Pandemic Response Next Steps: Using A Framework for COVID-19 Homelessness Response

This blog was written by Ann Oliva, Visiting Senior Fellow at the Center on Budget and Policy Priorities, and the Leader in Residence with OrgCode, and Iain De Jong, the President and CEO of OrgCode.

We hope you all have read A Framework for COVID-19 Homelessness Response put out by the National Alliance to End Homelessness and the Center on Budget and Policy Priorities. If not, you can read it here. Regardless of whether you still feel like you are fumbling in beginning steps or are ready for longer-term planning, the Framework is a comprehensive resource that will be updated regularly.

The Framework is critical for our response as a sector – but it has to be used in concert with strong leadership at all levels in order to be maximized. It examines different timeframes for different activities in our response and outlines which area of the service system we need to work on (e.g., unsheltered homelessness, housing, shelter, prevention and diversion, and strengthening). Another interpretation of the Framework is a list of everything we need to prioritize for funding and implementation in our communities, along with where we need to advocate for change or resources to be effective.

The decisions we will need to make, the partnerships we will need to create and the speed at which this is all happening is daunting for any leader. But even though reviewing the document can feel a bit like drinking from a fire hose, it can provide the structure needed to help you and your partners navigate through difficult decisions. Step number one for your community is figuring out which aspects of the Framework are relevant, which ones are not relevant (at least not now), and prioritizing implementation from there. This will be based upon where you are at generally in your community response: items that need to be addressed immediately; items to be addresses in the short-term; items for the medium-term; and, items that are longer-term in nature.

You will have work to do in figuring out the “how” for items in the Framework. It does a lot with the “what” and “when”, touches a little on the “why”, and not (yet) on the “how”.

A pathway to recovery in homelessness and housing in your community is going to require leadership. Those leaders need to come from non-profits, as well as government. It needs to include public health officials as well as homelessness and housing experts. This should not be an exercise in one side being the funder and the other being a recipient without dialogue of how to recover, following the steps and ideas of the Framework. There should be collective decision making about which resources to invest in which manner moving forward.

The journey ahead is going to come with even more decisions being necessary than have already been made. One of the toughest decisions will always be “What is right?” This is especially true when there is pressure to do what is politically palatable or easier, when that may not hold the right answer. For example, doing prevention for higher income folks without taking into account the needs of people experiencing homelessness or the most at risk/marginalized populations first may be the easiest thing to do with the money coming down, but it is not going to impact the most hard-hit or marginalized.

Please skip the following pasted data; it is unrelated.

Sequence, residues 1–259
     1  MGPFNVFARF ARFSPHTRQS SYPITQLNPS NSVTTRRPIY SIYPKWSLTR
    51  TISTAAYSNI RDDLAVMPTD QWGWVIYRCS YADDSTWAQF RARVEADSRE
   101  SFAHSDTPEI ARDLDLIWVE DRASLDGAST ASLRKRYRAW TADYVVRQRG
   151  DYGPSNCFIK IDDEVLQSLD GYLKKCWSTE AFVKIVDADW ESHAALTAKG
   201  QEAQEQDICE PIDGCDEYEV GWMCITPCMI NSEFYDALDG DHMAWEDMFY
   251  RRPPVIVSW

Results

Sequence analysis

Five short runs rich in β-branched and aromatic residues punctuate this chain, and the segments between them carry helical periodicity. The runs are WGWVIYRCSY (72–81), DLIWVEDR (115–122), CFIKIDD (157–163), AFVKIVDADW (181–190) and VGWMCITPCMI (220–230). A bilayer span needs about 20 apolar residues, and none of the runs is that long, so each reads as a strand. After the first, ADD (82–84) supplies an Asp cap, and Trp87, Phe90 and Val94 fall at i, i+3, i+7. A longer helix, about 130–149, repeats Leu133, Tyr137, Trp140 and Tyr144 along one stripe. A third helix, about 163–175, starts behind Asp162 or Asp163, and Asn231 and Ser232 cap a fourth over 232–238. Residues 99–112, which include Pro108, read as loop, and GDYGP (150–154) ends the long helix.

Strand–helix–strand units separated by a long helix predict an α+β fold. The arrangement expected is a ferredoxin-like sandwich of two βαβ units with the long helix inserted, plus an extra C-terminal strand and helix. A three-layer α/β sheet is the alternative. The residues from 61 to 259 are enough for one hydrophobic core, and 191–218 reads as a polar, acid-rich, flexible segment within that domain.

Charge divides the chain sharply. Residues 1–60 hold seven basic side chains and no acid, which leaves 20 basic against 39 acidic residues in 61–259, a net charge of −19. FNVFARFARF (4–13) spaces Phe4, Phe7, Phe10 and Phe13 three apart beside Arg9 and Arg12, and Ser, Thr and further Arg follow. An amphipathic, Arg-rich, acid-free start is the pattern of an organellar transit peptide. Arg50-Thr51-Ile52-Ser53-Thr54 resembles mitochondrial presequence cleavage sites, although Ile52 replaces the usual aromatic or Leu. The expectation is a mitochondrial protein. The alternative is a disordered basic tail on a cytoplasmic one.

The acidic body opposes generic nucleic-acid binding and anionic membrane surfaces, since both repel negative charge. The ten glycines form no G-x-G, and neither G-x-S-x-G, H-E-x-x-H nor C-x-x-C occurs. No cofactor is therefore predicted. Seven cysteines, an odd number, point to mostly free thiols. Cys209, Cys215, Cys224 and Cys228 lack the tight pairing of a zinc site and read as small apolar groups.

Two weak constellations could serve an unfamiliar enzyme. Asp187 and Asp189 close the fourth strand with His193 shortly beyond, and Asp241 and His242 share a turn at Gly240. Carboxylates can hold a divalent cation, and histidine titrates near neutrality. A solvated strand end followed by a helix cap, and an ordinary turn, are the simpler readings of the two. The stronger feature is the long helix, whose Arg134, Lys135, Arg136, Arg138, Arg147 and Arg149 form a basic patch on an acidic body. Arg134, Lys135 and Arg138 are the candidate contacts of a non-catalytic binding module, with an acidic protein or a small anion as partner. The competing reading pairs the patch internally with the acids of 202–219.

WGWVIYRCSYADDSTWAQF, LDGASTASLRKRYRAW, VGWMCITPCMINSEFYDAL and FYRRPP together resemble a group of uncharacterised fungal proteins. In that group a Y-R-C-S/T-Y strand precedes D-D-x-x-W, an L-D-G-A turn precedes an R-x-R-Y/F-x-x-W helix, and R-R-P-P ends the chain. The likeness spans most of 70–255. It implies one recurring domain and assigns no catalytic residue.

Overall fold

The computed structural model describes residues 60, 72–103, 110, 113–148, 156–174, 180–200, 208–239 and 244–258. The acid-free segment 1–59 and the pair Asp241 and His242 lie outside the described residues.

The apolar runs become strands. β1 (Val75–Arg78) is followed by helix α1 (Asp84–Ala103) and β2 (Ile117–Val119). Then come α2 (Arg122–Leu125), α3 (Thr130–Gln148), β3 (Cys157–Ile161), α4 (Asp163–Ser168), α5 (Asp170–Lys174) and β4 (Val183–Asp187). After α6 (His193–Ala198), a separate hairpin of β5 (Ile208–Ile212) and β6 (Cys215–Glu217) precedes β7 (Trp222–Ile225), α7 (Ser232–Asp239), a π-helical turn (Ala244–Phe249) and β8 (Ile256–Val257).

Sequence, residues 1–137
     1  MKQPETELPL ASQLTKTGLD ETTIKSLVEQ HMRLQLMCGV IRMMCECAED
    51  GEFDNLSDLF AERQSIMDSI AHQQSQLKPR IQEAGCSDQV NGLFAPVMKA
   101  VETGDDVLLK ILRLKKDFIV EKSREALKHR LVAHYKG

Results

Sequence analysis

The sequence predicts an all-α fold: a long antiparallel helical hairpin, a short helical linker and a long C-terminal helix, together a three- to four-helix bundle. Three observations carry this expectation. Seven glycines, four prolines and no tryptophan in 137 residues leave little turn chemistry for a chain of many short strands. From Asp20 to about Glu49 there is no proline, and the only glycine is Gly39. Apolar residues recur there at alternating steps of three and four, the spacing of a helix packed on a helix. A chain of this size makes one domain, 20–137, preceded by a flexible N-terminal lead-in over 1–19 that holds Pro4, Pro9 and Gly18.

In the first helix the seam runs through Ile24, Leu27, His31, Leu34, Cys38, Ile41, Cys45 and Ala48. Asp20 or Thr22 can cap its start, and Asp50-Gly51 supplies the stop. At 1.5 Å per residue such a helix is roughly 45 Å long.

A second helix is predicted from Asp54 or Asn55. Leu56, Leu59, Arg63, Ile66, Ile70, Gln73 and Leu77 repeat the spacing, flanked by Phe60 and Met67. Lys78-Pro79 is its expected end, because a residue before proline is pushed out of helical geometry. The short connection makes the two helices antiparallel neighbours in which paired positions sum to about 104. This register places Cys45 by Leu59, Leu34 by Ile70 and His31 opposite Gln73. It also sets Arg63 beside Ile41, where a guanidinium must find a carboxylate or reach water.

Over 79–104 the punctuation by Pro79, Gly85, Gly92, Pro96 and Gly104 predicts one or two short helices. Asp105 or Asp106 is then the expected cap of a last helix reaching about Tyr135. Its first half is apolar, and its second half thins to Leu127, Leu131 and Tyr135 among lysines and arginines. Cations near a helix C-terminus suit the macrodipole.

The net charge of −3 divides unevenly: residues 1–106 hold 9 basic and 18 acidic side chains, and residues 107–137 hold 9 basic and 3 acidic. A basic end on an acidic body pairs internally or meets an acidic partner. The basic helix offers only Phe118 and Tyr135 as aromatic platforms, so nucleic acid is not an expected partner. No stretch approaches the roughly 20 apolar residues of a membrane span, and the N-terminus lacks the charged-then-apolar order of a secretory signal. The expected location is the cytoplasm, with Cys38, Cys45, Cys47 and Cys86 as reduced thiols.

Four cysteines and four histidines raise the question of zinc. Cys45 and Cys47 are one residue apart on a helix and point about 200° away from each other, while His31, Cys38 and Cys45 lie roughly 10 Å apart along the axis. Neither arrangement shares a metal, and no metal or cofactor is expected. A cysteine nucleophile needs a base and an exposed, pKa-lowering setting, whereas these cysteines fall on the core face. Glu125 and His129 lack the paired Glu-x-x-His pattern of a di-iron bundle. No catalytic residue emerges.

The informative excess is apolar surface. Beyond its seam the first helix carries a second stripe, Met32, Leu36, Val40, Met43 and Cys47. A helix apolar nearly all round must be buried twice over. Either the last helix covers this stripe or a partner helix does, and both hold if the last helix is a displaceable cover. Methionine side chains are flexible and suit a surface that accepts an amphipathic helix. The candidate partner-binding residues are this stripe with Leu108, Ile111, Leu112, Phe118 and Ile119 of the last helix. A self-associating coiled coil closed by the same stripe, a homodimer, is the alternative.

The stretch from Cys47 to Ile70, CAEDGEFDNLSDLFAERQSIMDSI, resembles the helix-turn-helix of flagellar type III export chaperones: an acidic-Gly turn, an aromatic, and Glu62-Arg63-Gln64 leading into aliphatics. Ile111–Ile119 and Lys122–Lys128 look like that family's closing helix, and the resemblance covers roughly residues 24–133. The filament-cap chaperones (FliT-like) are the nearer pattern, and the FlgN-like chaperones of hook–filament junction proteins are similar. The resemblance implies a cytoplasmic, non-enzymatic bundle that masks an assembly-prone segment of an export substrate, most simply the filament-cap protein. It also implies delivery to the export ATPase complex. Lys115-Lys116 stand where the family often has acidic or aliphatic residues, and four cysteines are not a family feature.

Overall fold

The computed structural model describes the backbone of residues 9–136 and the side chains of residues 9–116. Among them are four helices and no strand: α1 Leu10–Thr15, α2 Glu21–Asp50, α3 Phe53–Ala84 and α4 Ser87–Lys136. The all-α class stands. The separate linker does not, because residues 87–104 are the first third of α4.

Our recovery must compel us to lead with equity. The reason that we need to make the hard decisions is because people of color and other marginalized populations (people who are disabled, those who identify at LGBTQ2S+ or are extremely low income) often get left out of these conversations and resources. That is a mistake. Who is making the decisions and who is at the table matters. Communities and organizations should deliberately involve people who are impacted so that good decisions that reflect real experiences and lived expertise can be made.

The Framework is not the answer to all of our struggles or resource shortcomings. In fact, the Framework even notes:

“Communities should use funding as strategically as possible. National estimates for need on homeless response to COVID exceeded the amount allocated for ESG-CV, therefore it is important to ensure that planning includes ways to maximize ESG while using other non-dedicated resources for eligible activities.”

Better that we use any and all available resources to their maximum potential rather than just relying upon new resources to meet all of the homelessness response needs.

As the journey to recovery continues, the Framework will be updated on a regular basis by the National Alliance and Center on Budget and Policy Priorities. As such, this needs to be seen as a living document for leaders to reference back to on a regular basis.

About Iain De Jong

Leader. Edutainer. Coach. Consultant. Professor. Researcher. Blogger. Do-gooder. Potty mouth. Positive disruptor. Relentless advocate for social justice. Comedian. Dad. Minimalist. Recovering musician. Canadian citizen. International jetsetter. Living life in jeans and a t-shirt. Trying really hard to end homelessness in developed countries around the world, expand harm reduction practices, make housing happen, and reform the justice system. Driven by change, fuelled by passion. Winner of a shit ton of prestigious awards, none of which matter unless change happens in how we think about vulnerability, marginality, and inclusion.


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